OSPF vs ISIS - Which do you prefer & why?
josh at kyneticwifi.com
Thu Nov 10 02:52:42 UTC 2016
Vendor support for IS-IS is quite limited - many options for OSPF.
On Nov 9, 2016 8:47 PM, "RT Parrish" <routetarget at gmail.com> wrote:
> I will definitely be looking up the notes from AOL that John referenced.
> But working for a vendor and getting insight from multiple ISPs, here are a
> few of the things that I hear most frequently:
> 1) Network Topology support - The differences between a single OSPF
> backbone area and a contiguous set of Level-2 adjacencies will occasionally
> be a deciding factor.
> 2) Feature Support on a per vendor basis - Some vendors will roll new
> features out in one or the other protocols prior to the other. Segment
> Routing and some of its enhancements come to mind as being in ISIS first.
> 3) Layer 2 adjacencies - I think someone already mentioned that you form
> adjacencies at layer 2 which also means that with a single adj you can
> support multiple protocols (v4/v6). OSPF would require two different
> instances to support both. Maybe good, maybe not. Depends on your desired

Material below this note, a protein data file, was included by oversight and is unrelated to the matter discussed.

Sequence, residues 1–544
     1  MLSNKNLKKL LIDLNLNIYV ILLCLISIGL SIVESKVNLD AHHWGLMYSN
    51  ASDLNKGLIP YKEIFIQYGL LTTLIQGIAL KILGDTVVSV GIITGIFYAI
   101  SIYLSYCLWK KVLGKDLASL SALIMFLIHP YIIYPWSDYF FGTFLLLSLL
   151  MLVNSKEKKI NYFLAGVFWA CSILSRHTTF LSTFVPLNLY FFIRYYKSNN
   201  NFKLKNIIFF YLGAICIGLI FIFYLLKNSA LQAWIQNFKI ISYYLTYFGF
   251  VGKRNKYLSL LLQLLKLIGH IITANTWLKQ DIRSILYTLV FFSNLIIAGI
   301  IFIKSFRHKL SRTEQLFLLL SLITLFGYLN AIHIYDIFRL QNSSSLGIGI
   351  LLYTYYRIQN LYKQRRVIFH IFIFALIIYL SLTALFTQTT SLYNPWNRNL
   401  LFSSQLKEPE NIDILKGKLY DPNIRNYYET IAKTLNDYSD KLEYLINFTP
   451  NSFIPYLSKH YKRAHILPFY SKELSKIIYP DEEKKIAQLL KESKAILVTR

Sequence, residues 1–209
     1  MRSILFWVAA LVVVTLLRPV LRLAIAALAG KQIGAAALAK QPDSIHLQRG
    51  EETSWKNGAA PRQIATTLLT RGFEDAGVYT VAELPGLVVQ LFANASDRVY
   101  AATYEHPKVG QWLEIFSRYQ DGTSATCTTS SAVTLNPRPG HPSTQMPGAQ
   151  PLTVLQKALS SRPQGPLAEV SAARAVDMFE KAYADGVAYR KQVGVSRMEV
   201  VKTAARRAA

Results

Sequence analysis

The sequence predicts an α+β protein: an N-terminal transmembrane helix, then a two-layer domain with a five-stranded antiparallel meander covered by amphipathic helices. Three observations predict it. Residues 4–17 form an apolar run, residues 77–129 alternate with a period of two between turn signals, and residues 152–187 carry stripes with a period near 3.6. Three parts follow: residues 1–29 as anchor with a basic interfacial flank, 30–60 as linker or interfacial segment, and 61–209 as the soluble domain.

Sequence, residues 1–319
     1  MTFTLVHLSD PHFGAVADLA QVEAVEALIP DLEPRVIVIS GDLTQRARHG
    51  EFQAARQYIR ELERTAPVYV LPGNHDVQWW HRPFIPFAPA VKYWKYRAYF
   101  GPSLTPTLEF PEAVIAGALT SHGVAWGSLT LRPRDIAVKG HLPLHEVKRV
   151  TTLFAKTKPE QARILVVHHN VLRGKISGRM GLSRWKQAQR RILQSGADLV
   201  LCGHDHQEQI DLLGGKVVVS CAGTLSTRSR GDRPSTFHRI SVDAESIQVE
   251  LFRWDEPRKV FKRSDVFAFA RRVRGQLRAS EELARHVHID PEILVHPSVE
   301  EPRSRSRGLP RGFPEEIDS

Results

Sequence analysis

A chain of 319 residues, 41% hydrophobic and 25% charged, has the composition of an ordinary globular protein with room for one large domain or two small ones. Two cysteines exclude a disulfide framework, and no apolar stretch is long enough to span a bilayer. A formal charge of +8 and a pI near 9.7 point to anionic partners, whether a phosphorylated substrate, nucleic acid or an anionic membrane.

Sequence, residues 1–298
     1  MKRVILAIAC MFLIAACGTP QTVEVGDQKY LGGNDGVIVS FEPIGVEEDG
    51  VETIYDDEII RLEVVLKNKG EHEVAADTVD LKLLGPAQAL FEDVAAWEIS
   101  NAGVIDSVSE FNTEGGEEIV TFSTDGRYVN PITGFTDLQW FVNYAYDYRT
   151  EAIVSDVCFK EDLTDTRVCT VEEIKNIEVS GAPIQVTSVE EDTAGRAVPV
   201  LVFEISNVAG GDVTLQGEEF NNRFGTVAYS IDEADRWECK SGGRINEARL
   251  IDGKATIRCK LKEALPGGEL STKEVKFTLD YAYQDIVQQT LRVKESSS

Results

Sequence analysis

> level of isolation between the two.
> 4) CPU performance is academic at this point - The SPF calculations in most
> networks would require next to no difference between the two protocols even
> if running both IPv4 and v6.
> End of the day, use the right tool/vendor/technology for the right job.
> Hope this helps,
> On Wed, Nov 9, 2016 at 12:12 PM, Michael Bullut <main at kipsang.com> wrote:
> > Greetings Team,
> > While I haven't worked with IS-IS before but the only disadvantage I've
> > encountered with OSPF is that it is resource intensive on the router it
> > running on which is why only one instance runs on any PE & P device on an
> > ISP network. OSPF is pretty good in handling the core network routing
> > BGP & EGP handle the last-mile routing between PE & CE devices. BGP & EGP
> > can run on top of OSPF. I came across this *article*
> > <https://routingfreak.wordpress.com/2011/03/05/why-
> > providers-still-prefer-is-is-over-ospf-when-designing-
> > large-flat-topologies/>
> > when
> > scrolling the web a while back and I still want to find out if am the
> > one who thinks its a matter of choice between the two. Although there
> > distinct 1:1 argument, it's good we discuss it here and figure out why
> > prefer one over the other *(consider a huge flat network)**.* What say
> > ladies and gentlemen?
> > Warm regards,
> > Michael Bullut.
> > ---
> > *Cell:*
> > *+254 723 393 114.**Skype Name:* *Michael Bullut.*
> > *Twitter:*
> > * @Kipsang <http://twitter.com/Kipsang/>*
> > *Blog: http://www.kipsang.com/ <http://www.kipsang.com/>*
> > *E-mail:* *main at kipsang.com <main at kipsang.com>*
> > *---*
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